I managed to strip it once (when no-one was watching) by using a box cutter to cut around the sheathing part-way through, then I bent the cable at the cut and cut some more until I got down to green or yellow. Once I was through the plastic all the way, the sheathing did eventually come off without taking the green or yellow jacket with it.

1 Like

Disclaimer: I haven’t used this specific CAN wire yet (tomorrow morning I will be), but I have used similar types of wire.

I’ve found that this method works the best for any sort of wire that is made up of other wires encased together. Electricians will do that when wiring buildings. Cut a slit down the length of the wire with a knife, pull the wires out of it, cut off the casing with a knife, and then strip the individual wires as normal. All you need is a sharp utility knife and a wire stripper made for the size wire (CAN wire is 20 gauge wire). You have to be careful because it is usually very tough, meaning that it is hard to start cutting but the knife will eventually start gliding through it with minimal effort.

I have no idea how this would affect the effectiveness of the method I am talking about. It seems like it’s an issue with this CAN wire.

We purchased the JST housings and contacts, crimp tool, and 24 AWG PTFE stranded hook-up wire. With these resources, we built our own harness. To each, their own!

Are you familiar with Romex? The Razor blade method by several others (esp. minimattct) above here is used for Romex and other sheathed wire. That’s where the hook blade works; carefully cut a lengthwise slit down the sheath and then pull it away from the core wires, then cut off the sheath. Now that I know more about the wire you all are describing I can say with certainty that we don’t have any.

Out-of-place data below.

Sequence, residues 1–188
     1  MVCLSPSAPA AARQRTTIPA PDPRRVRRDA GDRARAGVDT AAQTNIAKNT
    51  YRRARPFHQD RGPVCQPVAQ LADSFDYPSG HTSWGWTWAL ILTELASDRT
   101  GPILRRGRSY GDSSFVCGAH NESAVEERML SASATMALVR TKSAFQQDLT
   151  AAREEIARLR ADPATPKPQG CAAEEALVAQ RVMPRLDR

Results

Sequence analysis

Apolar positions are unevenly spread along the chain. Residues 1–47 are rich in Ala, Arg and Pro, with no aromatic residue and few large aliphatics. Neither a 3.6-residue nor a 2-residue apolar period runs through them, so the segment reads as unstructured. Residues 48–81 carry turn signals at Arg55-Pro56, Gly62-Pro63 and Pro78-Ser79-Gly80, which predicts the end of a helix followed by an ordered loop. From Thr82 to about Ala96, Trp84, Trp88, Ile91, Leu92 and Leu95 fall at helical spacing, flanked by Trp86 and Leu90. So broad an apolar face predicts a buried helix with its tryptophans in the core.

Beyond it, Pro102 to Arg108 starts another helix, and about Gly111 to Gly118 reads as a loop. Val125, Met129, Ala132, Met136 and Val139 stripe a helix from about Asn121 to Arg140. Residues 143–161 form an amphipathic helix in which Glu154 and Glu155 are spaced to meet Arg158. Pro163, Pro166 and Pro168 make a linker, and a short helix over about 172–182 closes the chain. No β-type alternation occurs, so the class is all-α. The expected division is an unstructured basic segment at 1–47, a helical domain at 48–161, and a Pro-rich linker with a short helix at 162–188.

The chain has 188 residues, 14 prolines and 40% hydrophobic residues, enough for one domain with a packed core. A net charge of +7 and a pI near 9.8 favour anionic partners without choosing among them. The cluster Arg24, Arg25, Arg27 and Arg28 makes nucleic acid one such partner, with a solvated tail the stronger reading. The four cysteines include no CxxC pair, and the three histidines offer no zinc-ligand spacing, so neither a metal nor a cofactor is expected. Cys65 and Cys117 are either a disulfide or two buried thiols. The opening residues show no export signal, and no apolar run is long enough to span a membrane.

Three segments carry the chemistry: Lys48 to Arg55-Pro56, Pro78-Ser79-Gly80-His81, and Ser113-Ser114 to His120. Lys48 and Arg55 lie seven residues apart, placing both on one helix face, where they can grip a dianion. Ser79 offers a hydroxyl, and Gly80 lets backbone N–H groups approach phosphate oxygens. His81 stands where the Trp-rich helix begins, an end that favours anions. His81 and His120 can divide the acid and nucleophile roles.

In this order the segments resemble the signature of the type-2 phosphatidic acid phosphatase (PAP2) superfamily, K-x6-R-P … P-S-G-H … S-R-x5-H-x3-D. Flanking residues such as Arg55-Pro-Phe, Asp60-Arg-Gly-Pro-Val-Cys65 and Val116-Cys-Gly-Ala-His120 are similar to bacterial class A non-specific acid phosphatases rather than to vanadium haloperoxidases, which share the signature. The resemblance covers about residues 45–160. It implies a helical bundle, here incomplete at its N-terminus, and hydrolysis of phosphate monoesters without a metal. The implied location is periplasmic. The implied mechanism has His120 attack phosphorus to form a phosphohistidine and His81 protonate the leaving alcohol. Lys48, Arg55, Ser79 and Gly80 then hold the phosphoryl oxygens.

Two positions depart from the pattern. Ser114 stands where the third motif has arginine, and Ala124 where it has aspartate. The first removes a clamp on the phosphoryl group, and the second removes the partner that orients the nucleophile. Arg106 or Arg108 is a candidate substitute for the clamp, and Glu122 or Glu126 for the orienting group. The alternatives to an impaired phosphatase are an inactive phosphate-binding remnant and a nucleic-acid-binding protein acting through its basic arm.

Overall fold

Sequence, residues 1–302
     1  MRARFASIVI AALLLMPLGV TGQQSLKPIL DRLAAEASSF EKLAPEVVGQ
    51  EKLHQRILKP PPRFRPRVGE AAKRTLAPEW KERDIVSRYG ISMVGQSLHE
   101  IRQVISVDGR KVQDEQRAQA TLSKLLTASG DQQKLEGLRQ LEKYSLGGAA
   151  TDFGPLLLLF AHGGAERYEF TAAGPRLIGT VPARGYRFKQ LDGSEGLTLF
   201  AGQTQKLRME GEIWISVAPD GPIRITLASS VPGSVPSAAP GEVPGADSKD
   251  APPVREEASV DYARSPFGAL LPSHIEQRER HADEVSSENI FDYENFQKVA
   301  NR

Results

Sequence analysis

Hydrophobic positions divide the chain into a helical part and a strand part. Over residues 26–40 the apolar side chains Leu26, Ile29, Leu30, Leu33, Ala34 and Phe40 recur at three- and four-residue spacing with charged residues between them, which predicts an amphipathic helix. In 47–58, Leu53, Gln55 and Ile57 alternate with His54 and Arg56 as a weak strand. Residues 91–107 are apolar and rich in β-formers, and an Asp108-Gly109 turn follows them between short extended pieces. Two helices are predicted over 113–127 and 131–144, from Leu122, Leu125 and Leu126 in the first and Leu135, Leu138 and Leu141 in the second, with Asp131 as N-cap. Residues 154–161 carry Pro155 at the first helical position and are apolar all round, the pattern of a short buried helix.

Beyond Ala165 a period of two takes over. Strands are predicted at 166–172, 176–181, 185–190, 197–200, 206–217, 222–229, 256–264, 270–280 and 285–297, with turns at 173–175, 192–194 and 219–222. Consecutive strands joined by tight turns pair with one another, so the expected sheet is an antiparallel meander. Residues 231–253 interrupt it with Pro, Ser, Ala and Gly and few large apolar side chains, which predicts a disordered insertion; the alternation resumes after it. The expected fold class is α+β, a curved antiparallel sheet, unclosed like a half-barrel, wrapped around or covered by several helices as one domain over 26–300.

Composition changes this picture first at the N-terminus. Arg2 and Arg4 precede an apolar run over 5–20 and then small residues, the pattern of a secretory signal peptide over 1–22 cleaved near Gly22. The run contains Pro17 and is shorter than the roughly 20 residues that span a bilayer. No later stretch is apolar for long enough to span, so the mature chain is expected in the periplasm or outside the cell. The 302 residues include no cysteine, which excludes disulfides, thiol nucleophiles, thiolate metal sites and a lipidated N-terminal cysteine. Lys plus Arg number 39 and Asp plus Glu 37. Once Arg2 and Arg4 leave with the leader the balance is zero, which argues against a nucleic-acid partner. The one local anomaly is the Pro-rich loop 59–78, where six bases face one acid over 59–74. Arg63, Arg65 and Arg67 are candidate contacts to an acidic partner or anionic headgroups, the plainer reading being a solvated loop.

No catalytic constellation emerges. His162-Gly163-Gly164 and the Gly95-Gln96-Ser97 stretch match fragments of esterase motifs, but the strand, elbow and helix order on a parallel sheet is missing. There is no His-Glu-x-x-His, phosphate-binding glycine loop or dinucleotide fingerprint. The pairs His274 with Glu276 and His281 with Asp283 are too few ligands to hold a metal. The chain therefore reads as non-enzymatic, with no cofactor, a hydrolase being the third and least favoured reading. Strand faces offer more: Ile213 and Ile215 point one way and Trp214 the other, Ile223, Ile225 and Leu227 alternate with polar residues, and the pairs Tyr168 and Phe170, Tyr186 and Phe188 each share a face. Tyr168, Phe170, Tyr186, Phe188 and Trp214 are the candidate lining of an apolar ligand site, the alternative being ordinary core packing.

Romex has paper between the inner wires and the jacket…almost as if it were designed to be stripped. I think it’s a whole different animal.

We use these ones
https://www.automationdirect.com/adc/shopping/catalog/tools_-a-_test_equipment/pliers,stripping-a-crimping_tools/wire-a-_cable_stripping_tools/dn-ws

which are pretty much identical to the ones I use at work but with a different blade
https://www.digikey.com/product-detail/en/phoenix-contact/1212156/277-2491-ND/2553358

They have an adjustment for how deep to cut into the insulation and work for all the types of wire we use.

I had the same issue, I threw the wire away and got different wire because it was to much effort to strip.

It’s also straight and not twisted like this wire. Romex is really easy to strip.

The problem with this wire is that the Black insolation is molded over the twisted can wire and forms to the shape of the twisted wire. The only way I was able to get the wire to strip was to take a knife and cut around the wire where we wanted it stopped back to and then cut down the length of the wire from the where I cut the circle around an then peel the black insulation back popping the can wire out. This is difficult because often times you might knick the can wire inside.

I would just buy CAN wire from Cross The Road Electronics, it’s much easier.

Can confirm - the jacket in the linked CAN wire is really hard to strip without nicking the wire insulation. We’ve stopped using it for that reason, which is sad because it’s good tough wire.

Basically don’t use AM’s CAN wire? I’ll pass that on.

This topic was automatically closed 365 days after the last reply. New replies are no longer allowed.